“Then beginning with Moses and with all the prophets, He explained to them the things concerning Himself in all the Scriptures.”
And in John 5:39 and 46 Jesus says this:
“You search the Scriptures because you think that in them you have eternal life; it is these that testify about Me…For if you believed Moses, you would believe Me, for he wrote about Me.”
According to Jesus the entire Old Testament is about Him. The Old Testament was written to tell us about Jesus. If we are to grasp and appreciate the richness of the Old Testament we must be diligent to look for Jesus in its pages. How does the Old Testament reveal Jesus? First it tells us of the numerous promises made by God concerning the coming of Jesus. Next it tells us how God prepared the way for the coming of Jesus. And finally it provides us with vivid pictures of what Jesus would be like and what He would do when He did come. In this series of posts I will turn to the pages of the Old Testament in the hopes of finding Jesus.
For a study like this the best place to begin is at the beginning. The first chapters of Genesis reveal God’s power in the creation of all things. Chapters 1 and 2 focus in on the creation of man. Here we learn that man was created in the image of God and was thus the pinnacle of God’s creation. Man was given a unique place in creation and was invested with a special purpose. We also learn that man was given one instruction—he was forbidden from eating from the Tree of the Knowledge of Good and Evil. He was also told that the penalty for disobedience was death; both spiritual and physical. I think that we all know what happened next, Adam and Eve ate from the tree and fell under the curse of death. At that moment Adam and Eve became aware of their shame, guilt and separation from God. This manifested itself in their recognition that they are naked; prior to this they were naked and unashamed (Genesis 2:25).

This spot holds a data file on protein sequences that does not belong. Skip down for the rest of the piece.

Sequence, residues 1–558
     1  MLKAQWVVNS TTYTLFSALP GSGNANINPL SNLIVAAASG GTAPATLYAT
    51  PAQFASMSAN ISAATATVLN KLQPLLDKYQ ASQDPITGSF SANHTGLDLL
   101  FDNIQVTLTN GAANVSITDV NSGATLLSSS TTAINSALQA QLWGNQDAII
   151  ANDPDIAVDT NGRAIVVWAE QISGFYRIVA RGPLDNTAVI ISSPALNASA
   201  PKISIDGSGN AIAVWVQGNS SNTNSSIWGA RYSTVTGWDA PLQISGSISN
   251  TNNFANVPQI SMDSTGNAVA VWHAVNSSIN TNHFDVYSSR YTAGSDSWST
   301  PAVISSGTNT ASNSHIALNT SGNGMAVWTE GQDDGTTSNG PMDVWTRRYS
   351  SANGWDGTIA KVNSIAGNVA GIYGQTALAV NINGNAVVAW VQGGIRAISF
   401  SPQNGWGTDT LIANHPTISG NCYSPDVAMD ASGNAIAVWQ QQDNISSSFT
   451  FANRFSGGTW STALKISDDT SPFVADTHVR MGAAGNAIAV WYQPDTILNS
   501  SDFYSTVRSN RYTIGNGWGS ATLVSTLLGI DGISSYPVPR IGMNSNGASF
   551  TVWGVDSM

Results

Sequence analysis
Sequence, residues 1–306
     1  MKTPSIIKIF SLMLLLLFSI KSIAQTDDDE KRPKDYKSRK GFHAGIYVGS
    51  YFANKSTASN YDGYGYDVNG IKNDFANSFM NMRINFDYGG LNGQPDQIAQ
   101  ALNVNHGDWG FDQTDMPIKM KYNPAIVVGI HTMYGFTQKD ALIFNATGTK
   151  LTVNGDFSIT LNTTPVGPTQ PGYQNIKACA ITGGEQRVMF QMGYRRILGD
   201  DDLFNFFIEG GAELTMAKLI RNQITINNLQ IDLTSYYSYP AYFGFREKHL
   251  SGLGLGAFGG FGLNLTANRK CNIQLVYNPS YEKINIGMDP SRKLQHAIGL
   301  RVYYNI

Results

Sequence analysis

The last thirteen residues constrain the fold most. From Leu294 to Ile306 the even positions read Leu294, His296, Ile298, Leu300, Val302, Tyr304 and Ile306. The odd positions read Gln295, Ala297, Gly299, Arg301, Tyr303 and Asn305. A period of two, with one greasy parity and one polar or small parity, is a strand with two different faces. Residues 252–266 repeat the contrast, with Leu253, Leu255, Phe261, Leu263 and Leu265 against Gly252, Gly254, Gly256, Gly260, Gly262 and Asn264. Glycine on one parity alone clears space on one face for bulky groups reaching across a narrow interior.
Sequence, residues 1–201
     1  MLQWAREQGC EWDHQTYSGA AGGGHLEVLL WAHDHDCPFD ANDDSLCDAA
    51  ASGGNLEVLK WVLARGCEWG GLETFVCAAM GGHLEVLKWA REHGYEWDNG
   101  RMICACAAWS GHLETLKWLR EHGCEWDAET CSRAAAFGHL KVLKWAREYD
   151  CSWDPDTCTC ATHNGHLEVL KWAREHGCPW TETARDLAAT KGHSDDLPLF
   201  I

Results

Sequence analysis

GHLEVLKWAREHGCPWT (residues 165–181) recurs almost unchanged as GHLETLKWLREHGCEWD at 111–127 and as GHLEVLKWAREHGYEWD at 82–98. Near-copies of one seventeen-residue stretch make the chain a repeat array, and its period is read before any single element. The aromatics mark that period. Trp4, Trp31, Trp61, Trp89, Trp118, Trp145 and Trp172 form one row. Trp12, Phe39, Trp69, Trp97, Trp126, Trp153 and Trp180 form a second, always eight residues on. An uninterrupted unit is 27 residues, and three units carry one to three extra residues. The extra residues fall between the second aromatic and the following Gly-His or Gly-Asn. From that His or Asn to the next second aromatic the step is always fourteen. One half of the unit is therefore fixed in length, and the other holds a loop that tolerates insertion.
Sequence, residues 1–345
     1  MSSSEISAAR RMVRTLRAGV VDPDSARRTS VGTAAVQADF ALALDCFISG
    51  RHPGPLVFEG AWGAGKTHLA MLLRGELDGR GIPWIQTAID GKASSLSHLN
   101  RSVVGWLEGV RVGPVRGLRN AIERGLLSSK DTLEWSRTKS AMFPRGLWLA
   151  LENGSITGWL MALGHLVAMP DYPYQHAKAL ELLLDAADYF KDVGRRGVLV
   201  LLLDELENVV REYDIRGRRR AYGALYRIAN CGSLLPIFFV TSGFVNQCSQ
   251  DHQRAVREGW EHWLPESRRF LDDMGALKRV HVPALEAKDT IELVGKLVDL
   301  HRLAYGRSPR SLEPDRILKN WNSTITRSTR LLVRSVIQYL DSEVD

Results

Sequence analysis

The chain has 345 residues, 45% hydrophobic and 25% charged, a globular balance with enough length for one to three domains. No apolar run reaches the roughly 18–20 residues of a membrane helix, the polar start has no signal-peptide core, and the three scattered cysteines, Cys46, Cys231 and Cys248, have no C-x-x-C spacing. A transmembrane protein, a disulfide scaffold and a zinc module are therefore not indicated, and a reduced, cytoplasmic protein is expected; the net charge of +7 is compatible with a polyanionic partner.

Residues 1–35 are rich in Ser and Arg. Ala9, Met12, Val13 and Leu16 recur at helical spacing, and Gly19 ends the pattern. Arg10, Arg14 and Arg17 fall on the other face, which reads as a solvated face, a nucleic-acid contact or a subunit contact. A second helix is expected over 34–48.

Once they recognized their nakedness (guilt and separation from God) they do two things; they hide and they try to cover their sin and shame. Adam and Eve tried to cover their nakedness by sewing fig leaves together for clothes. This act is humorous, pathetic and overwhelmingly instructive. Leaves don’t make good clothing; but it was their best attempt at self-salvation. But these “clothes” did not cover anything and they certainly did not wash away their guilt. Adam and Eve were still naked and they couldn’t undue what they had done. Their guilt and sin now defined who they were and it destroyed the relationship with God that they once enjoyed. But the story doesn’t end with the sin of Adam and Eve.
In Genesis 3 God speaks. He begins by revealing to Adam and Eve the extent of this curse. What God reveals in the first few verses of Genesis 3 is the law. This law revealed their sin and it made perfectly clear that Adam and Eve could not save themselves. But in the midst of giving a curse God speaks a word of promise, a word of Grace. God preaches the gospel to Adam and Eve. The promise is found in Genesis 3:15. God is speaking to the serpent, revealing his condemnation, but He does it in earshot of Adam and Eve. God says to the serpent: